At the Rittenhouse Square Fine Arts Show held September last year in Philadelphia, one of the oldest outdoor art exhibits in the US, there was a particular art piece that caught several visitors' attention. It was a huge black-and-white canvas titled 'Dawn' that depicted an idyllic river scene with a droopy tree on its bank, flying birds, fishes, water lilies and idling cranes. The work stood out there mainly because it was in Warli style, an art form practiced by tribal people from the North Sahyadri range in Maharashtra.
The artist, Rinal Parikh, the sole Indian-origin participant in the show, says the folk art has always drawn her audience to look closer and appreciate the stories within it. "I often get the question if the work is done with pen and ink or embroidery on cloth," she says. The stories on her canvas are of her life in New Jersey, with picnics and camping scenes with her family, and birds from her backyard filling up the canvases.
Not only Warli, but Parikh has also included Madhubani and Kalamkari traditions in her oeuvre. "After years of practising, I have now developed my signature style which is a blend of mainly Warli, Madhubani and Kalamkari in a contemporary approach. I enjoy articulating subjects of birds and animals, stories of childhood or anything that evokes joy within me." Parikh, who hails from Ahmedabad, is part of a growing legion of new Indian artists who are using Indian traditions to tell stories of their lives in the US.
Take, for instance, Michigan-based Madhurima Ganguly who brings the tradition of henna and alta (red dye applied on hands and feet of women) to her canvas. She has female figures central to her art. The women have hairy limbs and crimson red coating on their hands and feet. “I am a Bengali. We use alta on hands and feet as an auspicious symbol. So, I put alta and red bindi on my figures and get plenty of questions on why I do so.” Even though she completed her Master’s in Fine Arts from Rabindra Bharati University in Kolkata, ironically, Ganguly never “loved or connected with” Indian art back then. Her influences were Dada (the European art movement that was started as a result of the World War) and surrealism. It was after she moved to the US, a decade back, along with her husband that she tried finding her roots through her art. “In a foreign country, my art was the only known thing I had, so I started to invent myself through it.” She counts Mughal miniatures, Bundi, Kangra, Bhasoli paintings as her inspirations for the way they use composition, colours and depict mythology. “I can relate to them—they are my roots.”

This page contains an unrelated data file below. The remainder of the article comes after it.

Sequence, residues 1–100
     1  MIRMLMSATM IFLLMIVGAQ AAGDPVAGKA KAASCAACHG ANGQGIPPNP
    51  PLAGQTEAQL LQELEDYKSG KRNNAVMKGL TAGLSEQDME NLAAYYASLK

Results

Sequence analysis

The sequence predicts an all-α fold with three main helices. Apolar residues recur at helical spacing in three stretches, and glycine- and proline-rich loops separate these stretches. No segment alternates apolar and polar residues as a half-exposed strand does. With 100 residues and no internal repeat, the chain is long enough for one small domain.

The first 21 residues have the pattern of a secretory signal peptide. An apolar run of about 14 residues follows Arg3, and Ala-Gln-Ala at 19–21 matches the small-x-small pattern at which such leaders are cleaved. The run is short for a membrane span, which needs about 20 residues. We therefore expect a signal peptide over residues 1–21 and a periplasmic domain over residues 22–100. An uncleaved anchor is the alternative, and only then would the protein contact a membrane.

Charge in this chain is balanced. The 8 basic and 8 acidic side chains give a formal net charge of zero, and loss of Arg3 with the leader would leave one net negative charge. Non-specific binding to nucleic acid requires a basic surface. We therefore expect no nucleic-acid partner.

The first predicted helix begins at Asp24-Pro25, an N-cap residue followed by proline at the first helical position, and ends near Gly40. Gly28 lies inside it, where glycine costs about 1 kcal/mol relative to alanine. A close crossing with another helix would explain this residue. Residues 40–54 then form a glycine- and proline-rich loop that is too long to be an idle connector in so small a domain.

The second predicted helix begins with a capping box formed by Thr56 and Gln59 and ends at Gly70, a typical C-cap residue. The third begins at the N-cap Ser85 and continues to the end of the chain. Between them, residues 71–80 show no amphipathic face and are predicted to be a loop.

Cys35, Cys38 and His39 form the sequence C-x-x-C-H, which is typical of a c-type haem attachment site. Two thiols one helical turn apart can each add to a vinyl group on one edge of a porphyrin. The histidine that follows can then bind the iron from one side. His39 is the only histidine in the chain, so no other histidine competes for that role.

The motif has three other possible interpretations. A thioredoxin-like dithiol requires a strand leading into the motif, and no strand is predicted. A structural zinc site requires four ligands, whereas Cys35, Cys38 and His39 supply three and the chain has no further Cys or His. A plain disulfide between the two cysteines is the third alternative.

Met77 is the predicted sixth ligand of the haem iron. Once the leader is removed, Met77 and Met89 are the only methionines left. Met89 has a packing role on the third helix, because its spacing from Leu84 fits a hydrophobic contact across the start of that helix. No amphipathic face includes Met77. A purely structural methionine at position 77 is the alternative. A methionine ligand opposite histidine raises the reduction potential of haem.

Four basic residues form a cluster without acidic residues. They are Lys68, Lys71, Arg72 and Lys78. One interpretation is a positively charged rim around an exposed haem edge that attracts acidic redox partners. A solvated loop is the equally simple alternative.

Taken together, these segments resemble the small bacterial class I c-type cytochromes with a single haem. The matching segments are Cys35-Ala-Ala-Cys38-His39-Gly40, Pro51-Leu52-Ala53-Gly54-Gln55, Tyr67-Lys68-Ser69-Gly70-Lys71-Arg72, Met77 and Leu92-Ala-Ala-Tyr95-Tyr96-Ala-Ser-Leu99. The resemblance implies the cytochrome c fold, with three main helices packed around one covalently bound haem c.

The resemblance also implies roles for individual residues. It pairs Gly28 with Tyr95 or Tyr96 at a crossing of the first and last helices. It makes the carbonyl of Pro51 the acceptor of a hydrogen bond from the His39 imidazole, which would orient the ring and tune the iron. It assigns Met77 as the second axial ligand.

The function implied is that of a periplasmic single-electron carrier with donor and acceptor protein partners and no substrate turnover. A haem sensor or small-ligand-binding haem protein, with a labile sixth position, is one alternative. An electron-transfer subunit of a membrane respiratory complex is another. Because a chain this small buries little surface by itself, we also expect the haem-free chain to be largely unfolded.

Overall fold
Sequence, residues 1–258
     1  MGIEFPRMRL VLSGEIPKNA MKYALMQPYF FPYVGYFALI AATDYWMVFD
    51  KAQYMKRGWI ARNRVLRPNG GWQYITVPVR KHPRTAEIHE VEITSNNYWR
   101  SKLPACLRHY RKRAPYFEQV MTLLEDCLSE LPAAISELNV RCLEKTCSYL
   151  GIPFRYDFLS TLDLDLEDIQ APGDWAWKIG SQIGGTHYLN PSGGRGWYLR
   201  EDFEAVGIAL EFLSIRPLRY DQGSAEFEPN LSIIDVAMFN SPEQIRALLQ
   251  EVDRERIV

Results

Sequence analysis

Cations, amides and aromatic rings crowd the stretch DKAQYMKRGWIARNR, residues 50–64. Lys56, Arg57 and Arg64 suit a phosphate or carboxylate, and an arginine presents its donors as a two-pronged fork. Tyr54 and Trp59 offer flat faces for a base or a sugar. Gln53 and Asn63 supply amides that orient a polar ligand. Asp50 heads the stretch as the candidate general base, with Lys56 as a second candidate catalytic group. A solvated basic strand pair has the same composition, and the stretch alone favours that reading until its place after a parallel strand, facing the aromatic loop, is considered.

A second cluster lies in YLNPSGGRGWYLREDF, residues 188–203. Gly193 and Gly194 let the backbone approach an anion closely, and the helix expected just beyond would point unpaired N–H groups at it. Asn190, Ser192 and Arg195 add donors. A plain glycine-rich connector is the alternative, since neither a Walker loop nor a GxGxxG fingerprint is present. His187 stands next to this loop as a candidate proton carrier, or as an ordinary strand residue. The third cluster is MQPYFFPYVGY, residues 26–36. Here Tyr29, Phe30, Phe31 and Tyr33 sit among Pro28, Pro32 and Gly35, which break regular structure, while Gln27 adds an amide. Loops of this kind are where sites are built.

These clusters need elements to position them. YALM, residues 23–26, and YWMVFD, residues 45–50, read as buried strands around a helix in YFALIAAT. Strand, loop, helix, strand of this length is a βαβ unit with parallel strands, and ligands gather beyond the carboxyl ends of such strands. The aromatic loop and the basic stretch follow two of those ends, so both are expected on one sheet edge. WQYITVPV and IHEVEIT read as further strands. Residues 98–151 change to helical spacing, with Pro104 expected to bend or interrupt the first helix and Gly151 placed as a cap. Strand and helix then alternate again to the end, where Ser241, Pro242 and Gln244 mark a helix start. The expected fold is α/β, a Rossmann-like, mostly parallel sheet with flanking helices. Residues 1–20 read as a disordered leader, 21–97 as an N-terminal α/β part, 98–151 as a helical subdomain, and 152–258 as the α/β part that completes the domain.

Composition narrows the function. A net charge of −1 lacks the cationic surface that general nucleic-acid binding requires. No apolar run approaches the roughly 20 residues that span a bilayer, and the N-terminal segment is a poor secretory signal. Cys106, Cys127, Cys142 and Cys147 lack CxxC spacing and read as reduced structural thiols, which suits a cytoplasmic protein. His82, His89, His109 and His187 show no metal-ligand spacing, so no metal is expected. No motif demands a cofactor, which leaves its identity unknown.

The bond with their roots becomes stronger for an artist in a foreign setting. Aditi Hazra, based in Washington DC, is the daughter of famous Indian artist Paresh Hazra. She pursued art through Kala Bhavana, Santiniketan, and later at Maryland Institute College of Art. “Having a part of me steeped in traditional Indian art has been a blessing. But I keep myself open-minded and adaptable to the flow of knowledge and ideas, and it helps me to experiment.”
What eventually happens, as with all the ‘desis’ living outside India, is the blending of both the worlds. Nirali Thakkar, who got her MFA from the University of South California and teaches at Santa Ana College, initially found it difficult to transition, primarily because she loved to paint people. “My life here was so isolated that I understand why Edward Hopper’s paintings show so much loneliness. Mumbai is so full of life, if you look outside the window, you will witness so many interesting characters.”
Ganguly believes the uncertainty of life during the pandemic has entered her works. Hazra thanks the plethora of assets in the US to explore animation and conceptual art that has assisted her in communicating with the audience, especially during the pestilence. She incorporates traditional motifs like the lotus which are executed in a contemporary style often as a paper cutting or she paints it.
But what makes these artists’ works so appealing? Fifty-year-old Dorothy Holden, an art collector from Philadelphia and a regular at the Rittenhouse Square Fine Art, who visits art fairs across the US, says, “I like art through which I learn about other cultures, techniques and practices and yet, I can relate to the stories in there.” And that is exactly the path these artists seem to be traversing.